Substitutions for Raw Ceramic Materials

Edouard Bastarache's book Substitutions for Raw Ceramic Materials is a 'tour de force' of substitutions of particular ceramic materials with others. The book is the result of a research project undertaken between 1993 and 1995 before computer glazing programs became widely available and is targeted to those ceramic artists and potters who don't have computer access to help them with otherwise complex calculations in materials substitutions.

This is a comprehensive publication on glaze materials substitutions and includes 10 chapters filled with glaze recipes using the sustitution method. Both the original and substituted recipes are provided. Materials substituted include Spodumene, Petalite, Lepidolite, Potash Feldspars, Cornish Stone, Kona F-4 spar, Plastic Vitrox, Volcanic Ash, Dolomite, Wollastonite, Pryophyllite and Talc. Three hundred pages contain several hundred glazes. In a typical glaze materials substitution, Custer Feldspar might be substituted by Nephelene Syenite and Silica, or Spodumene by Lithium Carbonate, Silica and Kaolin, etc.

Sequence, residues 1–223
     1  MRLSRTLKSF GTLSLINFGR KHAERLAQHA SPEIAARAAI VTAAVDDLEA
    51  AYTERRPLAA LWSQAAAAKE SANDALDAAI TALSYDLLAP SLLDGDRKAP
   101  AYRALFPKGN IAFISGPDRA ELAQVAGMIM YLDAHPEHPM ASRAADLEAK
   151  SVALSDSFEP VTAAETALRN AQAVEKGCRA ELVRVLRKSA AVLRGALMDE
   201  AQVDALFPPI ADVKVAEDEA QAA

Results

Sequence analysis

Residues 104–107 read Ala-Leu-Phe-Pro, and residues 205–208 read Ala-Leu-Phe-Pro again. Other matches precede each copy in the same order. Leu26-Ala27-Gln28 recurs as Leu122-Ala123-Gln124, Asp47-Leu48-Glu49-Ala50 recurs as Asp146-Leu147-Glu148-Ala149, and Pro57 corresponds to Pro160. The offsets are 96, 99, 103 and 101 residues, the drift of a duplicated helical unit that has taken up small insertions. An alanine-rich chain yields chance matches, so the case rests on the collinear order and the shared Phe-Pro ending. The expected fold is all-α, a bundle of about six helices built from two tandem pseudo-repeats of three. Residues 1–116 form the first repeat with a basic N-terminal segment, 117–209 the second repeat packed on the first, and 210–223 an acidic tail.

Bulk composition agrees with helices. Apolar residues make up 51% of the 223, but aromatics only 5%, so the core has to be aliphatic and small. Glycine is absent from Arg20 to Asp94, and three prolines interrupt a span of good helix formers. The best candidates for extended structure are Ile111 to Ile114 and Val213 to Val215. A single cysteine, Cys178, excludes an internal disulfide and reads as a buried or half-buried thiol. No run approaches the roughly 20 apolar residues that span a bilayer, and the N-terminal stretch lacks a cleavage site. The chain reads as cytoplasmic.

Edouard Bastarache lives in Quebec, Canada, and has a colorful history. He studied surgery, internal medicine and neuroendecrine physiology and has been a consultant in occupational and environmental medicine for 15 years. At the same time as his medical studies, he studied ceramics under Julien Cloutier at La Boutique d'Argile (The Clay Shop) and later also taught at the same school. Bastarache now lives in the Sorel-Tracey region of Quebec, near the St. Lawrence river. He uses waste materials from steel plants located in the area to color many of his glazes and clays. He fires most of his work to cone 9 1/2 in reduction in a 60 cubic foot downdraft gas kiln.

His book Substitutions for Raw Ceramic Materials is the result of a total of 30 years dabbling in ceramics and a 3 year research project. It is currently available directly from Edouard.

Related Sites:
Ceramics Today Glaze Page
Ceramics -- Health & Safety
Ceramic Toxic Materials
Safety in the Studio

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